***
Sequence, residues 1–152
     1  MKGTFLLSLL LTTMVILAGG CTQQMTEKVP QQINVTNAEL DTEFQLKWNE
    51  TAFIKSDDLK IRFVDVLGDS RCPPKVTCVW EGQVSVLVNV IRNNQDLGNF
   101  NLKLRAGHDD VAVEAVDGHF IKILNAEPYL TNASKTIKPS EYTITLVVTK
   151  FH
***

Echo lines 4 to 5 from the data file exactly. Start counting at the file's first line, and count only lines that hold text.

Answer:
   101  NLKLRAGHDD VAVEAVDGHF IKILNAEPYL TNASKTIKPS EYTITLVVTK
   151  FH